I had experienced prior arthroscopic debridement procedures attempting to provide some pain relief but none of them worked for very long. The CAM procedure is not that same surgery. Even though Dr. Millett had mastered large portions of this procedure using arthroscopic instruments, pay careful attention to the initial “C” in the CAM acronym… COMPREHENSIVE!
Due to the variety of procedures combined into one, the pain post-op is real. I’m passing this along because I struggled a bit early on and I don’t want anyone to feel discouraged. This was a significant surgical effort by Dr. Millett to care for my severely degenerative shoulder so the recovery was bound to be challenging. My shoulder also had routinely experienced a great deal of inflammation prior to the surgery so it was bound to happen again afterwards.
They managed my pain well but once I began the strict physical therapy that Dr. Millett requires of all his patients, I felt like I may have been experiencing more pain than some of the TSR patients around me at PT. My therapist reminded me that most of the painful parts of their shoulders had been completely removed. The CAM procedure keeps your natural parts in place to avoid the potential challenges that come with a prosthetic down the road. He also restored nearly all of my range of motion so I was using and stretching muscles and tendons that I hadn’t been in almost ten years! After three months I knew I didn’t have the same shoulder and after four months I knew my shoulder was continuing to improve because I no longer felt depressed.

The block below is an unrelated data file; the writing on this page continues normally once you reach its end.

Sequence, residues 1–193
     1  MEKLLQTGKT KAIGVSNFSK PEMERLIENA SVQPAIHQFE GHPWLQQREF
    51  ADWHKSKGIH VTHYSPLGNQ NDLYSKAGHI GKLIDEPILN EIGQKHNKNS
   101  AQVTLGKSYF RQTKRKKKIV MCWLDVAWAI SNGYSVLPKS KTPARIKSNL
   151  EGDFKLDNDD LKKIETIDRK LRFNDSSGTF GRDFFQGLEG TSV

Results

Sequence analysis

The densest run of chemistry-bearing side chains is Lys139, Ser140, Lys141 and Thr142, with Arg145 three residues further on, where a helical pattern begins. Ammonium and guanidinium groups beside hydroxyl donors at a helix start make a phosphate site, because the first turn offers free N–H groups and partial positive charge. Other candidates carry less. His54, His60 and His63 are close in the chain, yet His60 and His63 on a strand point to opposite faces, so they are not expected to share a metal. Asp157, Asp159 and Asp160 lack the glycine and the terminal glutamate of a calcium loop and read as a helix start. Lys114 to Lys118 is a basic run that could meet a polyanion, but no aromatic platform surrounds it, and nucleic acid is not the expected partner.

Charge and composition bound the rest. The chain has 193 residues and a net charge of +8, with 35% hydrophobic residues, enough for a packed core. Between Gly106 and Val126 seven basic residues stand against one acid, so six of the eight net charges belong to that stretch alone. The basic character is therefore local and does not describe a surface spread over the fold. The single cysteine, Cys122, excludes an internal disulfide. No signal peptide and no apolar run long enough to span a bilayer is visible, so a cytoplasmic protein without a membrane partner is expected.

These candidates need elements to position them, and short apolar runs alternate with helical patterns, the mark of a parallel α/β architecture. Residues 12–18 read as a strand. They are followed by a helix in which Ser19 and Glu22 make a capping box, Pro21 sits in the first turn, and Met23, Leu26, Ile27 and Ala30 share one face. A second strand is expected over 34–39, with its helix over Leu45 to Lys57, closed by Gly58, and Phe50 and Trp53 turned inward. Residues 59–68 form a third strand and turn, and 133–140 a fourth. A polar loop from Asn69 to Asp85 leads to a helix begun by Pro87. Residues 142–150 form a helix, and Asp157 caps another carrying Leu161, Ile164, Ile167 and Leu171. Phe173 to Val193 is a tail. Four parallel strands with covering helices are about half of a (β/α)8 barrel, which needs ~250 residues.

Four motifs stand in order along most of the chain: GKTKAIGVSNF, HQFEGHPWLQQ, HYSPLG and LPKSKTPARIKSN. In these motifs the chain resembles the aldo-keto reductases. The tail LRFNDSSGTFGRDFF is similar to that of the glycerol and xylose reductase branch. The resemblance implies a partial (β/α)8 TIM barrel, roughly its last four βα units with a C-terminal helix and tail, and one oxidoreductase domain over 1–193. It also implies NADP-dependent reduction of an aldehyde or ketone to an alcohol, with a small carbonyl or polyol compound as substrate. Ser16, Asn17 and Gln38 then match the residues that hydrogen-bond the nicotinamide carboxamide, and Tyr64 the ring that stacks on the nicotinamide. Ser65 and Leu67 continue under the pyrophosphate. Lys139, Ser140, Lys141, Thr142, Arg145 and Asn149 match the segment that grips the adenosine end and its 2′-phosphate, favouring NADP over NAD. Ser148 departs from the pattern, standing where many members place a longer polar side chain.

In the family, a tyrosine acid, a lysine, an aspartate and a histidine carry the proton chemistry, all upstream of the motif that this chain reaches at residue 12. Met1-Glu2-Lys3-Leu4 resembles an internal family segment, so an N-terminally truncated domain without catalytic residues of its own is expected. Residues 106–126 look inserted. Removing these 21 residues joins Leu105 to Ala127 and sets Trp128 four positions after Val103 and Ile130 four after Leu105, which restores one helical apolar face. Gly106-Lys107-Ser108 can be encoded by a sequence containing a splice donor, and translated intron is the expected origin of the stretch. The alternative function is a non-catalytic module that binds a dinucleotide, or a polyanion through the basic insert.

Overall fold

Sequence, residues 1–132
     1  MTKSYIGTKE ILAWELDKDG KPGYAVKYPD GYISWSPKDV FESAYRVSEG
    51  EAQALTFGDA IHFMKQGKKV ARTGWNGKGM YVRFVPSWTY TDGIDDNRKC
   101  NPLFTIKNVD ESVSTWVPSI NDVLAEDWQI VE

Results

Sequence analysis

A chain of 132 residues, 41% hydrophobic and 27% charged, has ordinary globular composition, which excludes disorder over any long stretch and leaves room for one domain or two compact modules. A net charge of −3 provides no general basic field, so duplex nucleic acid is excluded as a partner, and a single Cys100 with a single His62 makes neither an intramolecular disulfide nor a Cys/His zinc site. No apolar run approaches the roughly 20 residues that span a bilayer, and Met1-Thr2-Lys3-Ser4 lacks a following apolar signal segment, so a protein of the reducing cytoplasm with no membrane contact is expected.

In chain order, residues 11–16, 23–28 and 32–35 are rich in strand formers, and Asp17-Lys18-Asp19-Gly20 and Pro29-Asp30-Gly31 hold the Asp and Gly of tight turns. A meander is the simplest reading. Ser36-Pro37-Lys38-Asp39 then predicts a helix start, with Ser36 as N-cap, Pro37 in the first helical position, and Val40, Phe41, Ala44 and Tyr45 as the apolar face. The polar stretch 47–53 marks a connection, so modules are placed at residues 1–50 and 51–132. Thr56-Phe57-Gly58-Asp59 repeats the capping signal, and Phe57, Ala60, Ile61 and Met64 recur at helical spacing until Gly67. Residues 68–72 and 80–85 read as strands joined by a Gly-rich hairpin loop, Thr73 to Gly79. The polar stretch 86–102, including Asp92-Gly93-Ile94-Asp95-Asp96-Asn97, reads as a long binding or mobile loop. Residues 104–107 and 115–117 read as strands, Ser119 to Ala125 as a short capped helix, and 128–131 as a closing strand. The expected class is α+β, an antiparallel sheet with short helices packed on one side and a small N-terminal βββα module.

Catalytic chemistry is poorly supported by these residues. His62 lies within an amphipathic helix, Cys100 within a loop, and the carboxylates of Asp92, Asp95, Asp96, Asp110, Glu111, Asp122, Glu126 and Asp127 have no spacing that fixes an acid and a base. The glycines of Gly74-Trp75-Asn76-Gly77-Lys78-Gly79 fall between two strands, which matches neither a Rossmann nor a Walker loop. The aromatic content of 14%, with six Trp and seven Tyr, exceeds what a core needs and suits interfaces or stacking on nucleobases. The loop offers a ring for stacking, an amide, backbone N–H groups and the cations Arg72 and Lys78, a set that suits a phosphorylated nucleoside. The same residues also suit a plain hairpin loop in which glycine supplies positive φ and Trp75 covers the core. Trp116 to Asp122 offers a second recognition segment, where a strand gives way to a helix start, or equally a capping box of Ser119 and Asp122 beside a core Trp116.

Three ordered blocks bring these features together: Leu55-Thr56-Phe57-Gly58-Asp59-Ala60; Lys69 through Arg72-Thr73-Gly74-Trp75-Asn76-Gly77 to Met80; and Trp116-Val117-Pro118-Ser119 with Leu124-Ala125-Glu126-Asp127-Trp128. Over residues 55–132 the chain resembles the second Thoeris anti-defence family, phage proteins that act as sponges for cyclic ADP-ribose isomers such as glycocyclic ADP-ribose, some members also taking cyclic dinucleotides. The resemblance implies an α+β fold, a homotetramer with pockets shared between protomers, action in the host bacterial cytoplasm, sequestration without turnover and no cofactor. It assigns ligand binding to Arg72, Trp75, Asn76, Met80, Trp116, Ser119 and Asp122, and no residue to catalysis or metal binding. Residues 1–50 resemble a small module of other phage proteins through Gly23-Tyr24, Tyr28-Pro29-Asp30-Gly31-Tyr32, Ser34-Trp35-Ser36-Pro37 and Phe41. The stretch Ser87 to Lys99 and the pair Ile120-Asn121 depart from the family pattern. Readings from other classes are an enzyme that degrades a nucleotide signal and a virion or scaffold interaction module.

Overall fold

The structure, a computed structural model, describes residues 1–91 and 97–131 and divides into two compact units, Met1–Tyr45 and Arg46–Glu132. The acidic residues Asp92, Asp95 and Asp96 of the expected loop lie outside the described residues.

Recovering from a major procedure like CAM can feel confusing because recovery pain can feel similar to pre-surgery pain causing you to question if the surgery worked. I suggest writing down a of list of things you were unable to do prior to CAM then reviewing it later. I went for a road bike ride at my three month mark and never experienced the debilitating pain like I did prior to CAM where it felt like my shoulder was filling up with painful concrete. I was so excited that I called my wife and let her know I was going to ride longer than I originally expected!
I haven’t reached the 6-8 month mark yet which typically constitutes a full recovery but I’ve already asked to be reinstated in my fire department since I’m feeling so much better. As far I’m concerned, Dr. Millett and his team saved my outlook on life and I can’t thank them enough. My only regret is that I didn’t find out about CAM ten years earlier. I know what it’s like to find yourself feeling abandoned between a simple shoulder debridement and a total shoulder replacement but thank goodness Dr. Millett does too!
Written by Dirk Butters
While clinical studies support the effectiveness of these procedures, individual results may vary. There are no guarantees of outcome. All surgeries involve the risk of major complications. Before you decide on surgery, discuss treatment options with your doctor. Understanding the risks of each treatment can help you make the best decision for your individual situation. Always ask your doctor about all treatment options, as well as their risks and benefits. Only your doctor can determine the appropriate treatment for your situation. The clinical information and opinions, including any inaccuracies expressed in this material by patients or doctor are not necessarily those of Peter Millett, MD and should not be considered as substitute for medical advice provided by your doctor.